Dear company, you are not in business to make money

An open letter to the 21st Century businesses

I need you to do three things for me. First, I want you to think about why you’re in business - what your purpose is. Second, look at your corporate scorecard and KPIs. And finally, look at the actual work that you do. I’m going to guess that these three do not align. Most companies do not understand business outcomes and, even when they do, they do not measure them.

Getting to the real business outcomes for an organisation (or even just a team) may seem simple but is actually very difficult. Worse still, there is an easy answer. But it’s wrong. A lot of organisations will define their outcomes around money - either revenue, signings or profit. “We need to increase our quarterly profit by 17%”, or “our target is to sign 20 new clients”, or “we need to make $10 million dollars in revenue this quarter”. While these statements may be true - they are not business outcomes.

You are not in business to make money. I’ll say that again. You are not in business to make money. That is not your purpose. If you’re focusing on making money, you’re not focusing on creating value for your customer. Think of your local doctor - most people don’t become a doctor to make money. They become doctors to save lives. They make money in order to continue saving lives.

“Profit is like the air we breathe. We need air to live, but we don't live to breathe.” - Frederic Laloux

This obsession with financial measures, especially when the global market is performing weakly, is leading to poor behaviour and poor decision making. You get the behaviour that you measure and, when it’s all about money, we tend to forget who’s paying. We become more efficient at the expense of creating customer value. Every week there is a new company making the news.

“If management sets quantitative targets and makes people's job depend on meeting them, they will likely meet the targets – even if they have to destroy the enterprise to do it.” - W. Edwards Deming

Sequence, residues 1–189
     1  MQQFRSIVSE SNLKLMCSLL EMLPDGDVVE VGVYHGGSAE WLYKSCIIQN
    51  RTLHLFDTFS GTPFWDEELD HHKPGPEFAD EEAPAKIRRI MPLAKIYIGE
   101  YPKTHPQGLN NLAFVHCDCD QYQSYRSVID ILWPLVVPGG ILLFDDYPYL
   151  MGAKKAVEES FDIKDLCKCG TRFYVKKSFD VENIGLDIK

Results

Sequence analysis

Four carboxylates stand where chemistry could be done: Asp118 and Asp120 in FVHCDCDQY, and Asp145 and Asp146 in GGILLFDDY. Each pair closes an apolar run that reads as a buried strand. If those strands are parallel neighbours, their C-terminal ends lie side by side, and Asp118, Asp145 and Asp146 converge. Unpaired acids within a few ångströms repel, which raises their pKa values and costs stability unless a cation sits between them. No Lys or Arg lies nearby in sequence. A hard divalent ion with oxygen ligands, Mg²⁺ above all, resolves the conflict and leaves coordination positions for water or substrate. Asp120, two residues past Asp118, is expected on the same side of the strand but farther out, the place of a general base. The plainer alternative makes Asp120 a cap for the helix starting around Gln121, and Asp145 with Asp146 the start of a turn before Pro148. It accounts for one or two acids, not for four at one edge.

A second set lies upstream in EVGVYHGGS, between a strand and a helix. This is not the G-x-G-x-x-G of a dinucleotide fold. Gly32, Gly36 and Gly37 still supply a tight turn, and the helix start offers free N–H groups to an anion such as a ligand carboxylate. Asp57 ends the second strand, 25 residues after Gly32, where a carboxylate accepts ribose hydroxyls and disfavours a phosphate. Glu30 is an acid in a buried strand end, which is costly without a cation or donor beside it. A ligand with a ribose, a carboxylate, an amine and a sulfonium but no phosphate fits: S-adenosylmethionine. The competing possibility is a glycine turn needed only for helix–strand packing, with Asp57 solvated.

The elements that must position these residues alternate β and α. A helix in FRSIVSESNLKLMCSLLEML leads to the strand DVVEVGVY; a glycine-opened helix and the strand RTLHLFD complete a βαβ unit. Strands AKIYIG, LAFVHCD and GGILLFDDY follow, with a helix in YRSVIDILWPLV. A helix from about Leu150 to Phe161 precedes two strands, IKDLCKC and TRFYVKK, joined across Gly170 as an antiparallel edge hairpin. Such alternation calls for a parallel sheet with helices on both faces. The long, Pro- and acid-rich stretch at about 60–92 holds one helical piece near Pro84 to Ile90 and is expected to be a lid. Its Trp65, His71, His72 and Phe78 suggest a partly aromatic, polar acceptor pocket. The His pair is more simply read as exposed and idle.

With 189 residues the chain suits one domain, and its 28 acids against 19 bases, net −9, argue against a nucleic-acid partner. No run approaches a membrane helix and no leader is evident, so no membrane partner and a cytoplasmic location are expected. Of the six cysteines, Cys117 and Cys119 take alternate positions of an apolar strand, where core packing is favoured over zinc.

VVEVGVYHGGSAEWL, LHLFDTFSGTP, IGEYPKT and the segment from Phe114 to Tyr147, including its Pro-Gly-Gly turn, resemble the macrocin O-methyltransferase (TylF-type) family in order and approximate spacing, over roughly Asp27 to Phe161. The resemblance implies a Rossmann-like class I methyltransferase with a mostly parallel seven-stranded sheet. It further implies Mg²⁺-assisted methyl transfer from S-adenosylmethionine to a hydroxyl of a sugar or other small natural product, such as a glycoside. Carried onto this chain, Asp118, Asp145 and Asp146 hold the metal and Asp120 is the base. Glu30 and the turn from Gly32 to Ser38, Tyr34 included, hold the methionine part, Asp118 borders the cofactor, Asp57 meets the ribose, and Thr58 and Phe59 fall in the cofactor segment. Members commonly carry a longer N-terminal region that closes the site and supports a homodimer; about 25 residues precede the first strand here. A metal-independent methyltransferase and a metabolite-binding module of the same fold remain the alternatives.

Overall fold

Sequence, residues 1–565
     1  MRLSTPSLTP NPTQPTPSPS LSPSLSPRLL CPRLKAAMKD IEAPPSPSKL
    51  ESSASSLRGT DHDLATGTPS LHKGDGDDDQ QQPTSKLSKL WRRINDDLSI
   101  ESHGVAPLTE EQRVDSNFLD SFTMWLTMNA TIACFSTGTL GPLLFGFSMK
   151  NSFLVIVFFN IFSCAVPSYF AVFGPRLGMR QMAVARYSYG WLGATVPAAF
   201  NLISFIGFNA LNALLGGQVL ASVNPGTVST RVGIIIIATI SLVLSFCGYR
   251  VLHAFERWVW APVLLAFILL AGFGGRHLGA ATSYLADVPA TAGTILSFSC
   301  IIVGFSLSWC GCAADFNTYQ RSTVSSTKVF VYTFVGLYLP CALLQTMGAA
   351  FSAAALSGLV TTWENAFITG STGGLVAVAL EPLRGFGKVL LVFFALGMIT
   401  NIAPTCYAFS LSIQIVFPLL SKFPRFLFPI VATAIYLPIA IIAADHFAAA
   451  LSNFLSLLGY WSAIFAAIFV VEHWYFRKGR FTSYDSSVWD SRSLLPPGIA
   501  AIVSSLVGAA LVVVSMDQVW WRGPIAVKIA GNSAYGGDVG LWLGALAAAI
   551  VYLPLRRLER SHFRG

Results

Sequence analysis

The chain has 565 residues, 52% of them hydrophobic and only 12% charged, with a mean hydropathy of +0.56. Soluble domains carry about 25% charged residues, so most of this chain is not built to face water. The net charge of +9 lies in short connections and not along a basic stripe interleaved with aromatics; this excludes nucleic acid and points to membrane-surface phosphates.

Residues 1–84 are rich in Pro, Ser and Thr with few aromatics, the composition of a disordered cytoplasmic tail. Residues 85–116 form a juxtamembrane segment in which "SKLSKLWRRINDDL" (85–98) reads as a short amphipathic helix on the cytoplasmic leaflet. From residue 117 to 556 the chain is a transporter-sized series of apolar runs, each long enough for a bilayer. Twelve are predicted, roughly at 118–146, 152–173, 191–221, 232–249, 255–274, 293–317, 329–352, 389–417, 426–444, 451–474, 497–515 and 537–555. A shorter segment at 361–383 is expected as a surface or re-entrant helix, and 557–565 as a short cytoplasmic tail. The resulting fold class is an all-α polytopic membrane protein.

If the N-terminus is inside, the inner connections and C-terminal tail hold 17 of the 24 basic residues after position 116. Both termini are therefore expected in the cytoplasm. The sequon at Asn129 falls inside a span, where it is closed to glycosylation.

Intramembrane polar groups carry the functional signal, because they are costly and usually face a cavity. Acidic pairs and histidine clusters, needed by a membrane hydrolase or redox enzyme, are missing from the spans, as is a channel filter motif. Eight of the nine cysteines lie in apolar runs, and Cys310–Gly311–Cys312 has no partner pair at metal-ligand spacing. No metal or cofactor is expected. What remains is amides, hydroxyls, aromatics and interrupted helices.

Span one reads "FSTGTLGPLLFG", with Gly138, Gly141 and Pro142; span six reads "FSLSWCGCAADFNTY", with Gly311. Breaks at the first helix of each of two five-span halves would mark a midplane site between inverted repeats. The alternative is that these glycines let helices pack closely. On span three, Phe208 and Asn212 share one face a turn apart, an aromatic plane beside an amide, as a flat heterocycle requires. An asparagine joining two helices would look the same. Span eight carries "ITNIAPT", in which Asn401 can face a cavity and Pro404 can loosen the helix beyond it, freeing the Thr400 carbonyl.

So, while remembering that you still need to make money and be profitable, what are your business outcomes? No blog can answer that question for you, however there are some simple practices to help you discover it.

First, start with your customer. We put the customer in the center because they provide us with our purpose. That doesn’t mean that the customer is always right or that employees or shareholders aren’t important. It means that almost everything that we do revolves around them. It means that they are the top of our organisation charts. It means that the work that we do, and the way that we work, is primarily for them.

Now we’re going to use a practice called “5 whys”. A very simple cause-and-effect interrogation technique borrowed from the Toyota Production System and Lean Manufacturing. Start by looking at the work that you do for your customer. Now ask “why”. “Why do we do this?” or “Why do we need this?”. Then, using the answer as the basis for the next question, ask why again. Asking “why” 5 times is, anecdotally, sufficient to get to the root outcome. And there are many cases where you’ll be able to get there in fewer steps.

If you come to “to make money” you’ve gone too deep and abstracted it to the point of meaninglessness. Everyone needs to make money - there’s no differentiation from your competitors in that. Making money is how we show that we are actually solving that need. It’s a measure or an indicator, not the reason. Go back up a level. That’s your outcome.

Repeating the process from different perspectives, and exploring new reasons “why”, can help you discover multiple root outcomes. Likewise, if you come to a looping question/answer series or highly generalised statements (such as money or satisfaction) you should look at rephrasing the “why” question to uncover new lines of inquiry. We also find that external impartial facilitation can help to uncover real root outcomes and avoid confirmation biases and “we’ve always done it this way” syndrome.

Once you know “why” - then you can do the right work.